When one thinks of religious persecution, the first thing to come to mind is usually the Inquisition in all of its medieval harshness. One rarely thinks of the equally–if not more brutal protestant renditions, the English persecution in particular. When Henry VIII separated the English church from Rome in order to divorce his wife because she wouldn’t bare him a male heir, he set off a drawn-out rivalry that ended in what has been called the hidden English genocide.
Henry VIII’s daughter Elizabeth took the throne in 1558 and promptly reversed her half-sister’s reestablishment of Catholicism for the realm. Elizabeth I had herself made head of the church as well as the kingdom and persecuted those who would not tow the line, killing many priests, religious and laypeople. The method of killing was particularly gruesome and typically involved torture like disembowelment.
After Pope Pius V’s “Regnans in Excelsis” which excommunicated Elizabeth and freed her subjects from her rule, the antagonism increased on both sides and so did the persecution. Some expected Elizabeth’s successor and son of a Catholic, James I to be more lenient, but he was not and the persecution intensified. Some estimate the total killing to be upwards of a thousand souls and the Church has beatified at least 359 as martyrs. What’s worse was the genocide in Ireland in which 1.5 million souls were under the English occupation.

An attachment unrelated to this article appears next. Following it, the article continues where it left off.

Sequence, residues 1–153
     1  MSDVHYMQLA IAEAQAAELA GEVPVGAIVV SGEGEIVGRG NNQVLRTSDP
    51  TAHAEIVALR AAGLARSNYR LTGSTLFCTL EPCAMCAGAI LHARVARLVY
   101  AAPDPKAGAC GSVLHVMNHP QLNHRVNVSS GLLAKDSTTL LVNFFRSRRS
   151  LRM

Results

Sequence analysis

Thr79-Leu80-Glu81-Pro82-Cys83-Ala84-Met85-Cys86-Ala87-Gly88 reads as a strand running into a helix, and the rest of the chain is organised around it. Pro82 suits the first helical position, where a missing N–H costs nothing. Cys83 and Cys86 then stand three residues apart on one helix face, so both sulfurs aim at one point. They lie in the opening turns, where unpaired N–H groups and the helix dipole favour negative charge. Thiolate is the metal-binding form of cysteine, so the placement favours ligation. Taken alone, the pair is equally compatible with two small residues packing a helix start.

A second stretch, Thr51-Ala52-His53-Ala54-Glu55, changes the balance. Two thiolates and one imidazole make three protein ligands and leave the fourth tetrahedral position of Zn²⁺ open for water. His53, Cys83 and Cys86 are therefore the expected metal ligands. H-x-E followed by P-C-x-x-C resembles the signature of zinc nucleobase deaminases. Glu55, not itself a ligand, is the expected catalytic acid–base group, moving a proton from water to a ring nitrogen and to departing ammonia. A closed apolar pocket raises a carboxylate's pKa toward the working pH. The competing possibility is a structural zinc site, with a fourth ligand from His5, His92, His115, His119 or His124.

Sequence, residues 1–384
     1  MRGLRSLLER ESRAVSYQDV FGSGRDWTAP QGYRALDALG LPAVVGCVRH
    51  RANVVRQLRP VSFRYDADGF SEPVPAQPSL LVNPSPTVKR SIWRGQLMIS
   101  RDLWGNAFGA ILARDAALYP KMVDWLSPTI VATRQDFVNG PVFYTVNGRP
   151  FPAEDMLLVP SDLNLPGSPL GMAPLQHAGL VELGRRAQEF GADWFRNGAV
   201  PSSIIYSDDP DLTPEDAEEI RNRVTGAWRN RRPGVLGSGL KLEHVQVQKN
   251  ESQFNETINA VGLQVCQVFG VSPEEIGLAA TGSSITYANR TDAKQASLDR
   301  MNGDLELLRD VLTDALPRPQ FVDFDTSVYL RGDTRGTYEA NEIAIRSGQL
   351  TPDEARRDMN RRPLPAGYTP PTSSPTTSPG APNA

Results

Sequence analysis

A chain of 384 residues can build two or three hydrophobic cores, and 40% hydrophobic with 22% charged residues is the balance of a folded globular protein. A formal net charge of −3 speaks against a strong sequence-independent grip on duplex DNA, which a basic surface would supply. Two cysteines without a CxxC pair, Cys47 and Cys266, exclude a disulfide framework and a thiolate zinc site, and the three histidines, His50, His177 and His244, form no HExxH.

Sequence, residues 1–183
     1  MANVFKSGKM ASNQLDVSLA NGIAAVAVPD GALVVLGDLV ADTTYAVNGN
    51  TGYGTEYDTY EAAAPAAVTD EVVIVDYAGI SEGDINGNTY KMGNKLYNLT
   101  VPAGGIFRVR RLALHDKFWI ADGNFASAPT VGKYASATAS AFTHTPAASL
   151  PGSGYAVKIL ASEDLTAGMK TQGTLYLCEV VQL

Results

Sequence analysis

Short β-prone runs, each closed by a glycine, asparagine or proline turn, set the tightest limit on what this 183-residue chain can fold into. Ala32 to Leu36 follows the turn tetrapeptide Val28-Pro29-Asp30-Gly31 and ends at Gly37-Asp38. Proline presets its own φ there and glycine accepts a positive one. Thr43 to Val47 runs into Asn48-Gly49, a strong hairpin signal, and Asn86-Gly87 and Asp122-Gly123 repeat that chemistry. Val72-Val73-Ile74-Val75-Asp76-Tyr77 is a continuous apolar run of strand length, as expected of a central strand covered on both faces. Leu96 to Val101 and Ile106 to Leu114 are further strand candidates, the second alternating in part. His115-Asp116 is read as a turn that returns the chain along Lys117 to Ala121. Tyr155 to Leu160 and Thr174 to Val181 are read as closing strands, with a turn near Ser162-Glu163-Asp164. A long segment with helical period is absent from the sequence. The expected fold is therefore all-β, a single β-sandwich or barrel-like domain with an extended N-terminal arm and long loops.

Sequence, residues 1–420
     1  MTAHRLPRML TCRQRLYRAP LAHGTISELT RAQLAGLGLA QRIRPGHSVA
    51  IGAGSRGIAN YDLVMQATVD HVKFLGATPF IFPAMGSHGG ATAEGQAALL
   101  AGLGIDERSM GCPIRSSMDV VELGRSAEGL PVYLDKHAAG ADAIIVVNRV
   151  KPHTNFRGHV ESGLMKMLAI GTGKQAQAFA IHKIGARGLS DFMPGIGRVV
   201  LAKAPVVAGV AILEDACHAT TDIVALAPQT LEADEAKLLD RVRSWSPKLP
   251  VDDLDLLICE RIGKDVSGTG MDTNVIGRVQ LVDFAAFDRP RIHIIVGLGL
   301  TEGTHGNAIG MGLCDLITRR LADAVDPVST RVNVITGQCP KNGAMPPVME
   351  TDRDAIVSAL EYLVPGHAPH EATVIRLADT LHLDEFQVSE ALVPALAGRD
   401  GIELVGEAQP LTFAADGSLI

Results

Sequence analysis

Without all the backstory, Gunpowder takes up the saga with the killing of acquaintances of Robert Catesby, who, with fellow underground Catholics, worked to undermine the throne and ultimately toward the assassination King James and the entire Parliament.
The story is dark, violent, and without any comic relief to speak of. It is realistic, but while that lends itself to accurate historicity, it makes for a bleak and tired entertainment. There are entertaining sword and gun fights and some intense cloak and dagger (literally) scenes, but there were numerous missed opportunities and with every climactic scene, it seems there was an equally uninspiring line of dialogue. When the conflicted priest is interrogated at the end by the villainous security minister, all he can come up with is the obvious and unpoetic, “You cannot be surprised when the people you persecute turn on you.” This is clearly no “A Man For All Seasons“.
The acting is good and the cinematography excellent, but the miniseries is more a documentary than a drama. It will help you to understand what Catholics went through in barbarous England and it will make you examine what you would do for your own faith, but it won’t inspire you to do anything about it once you do.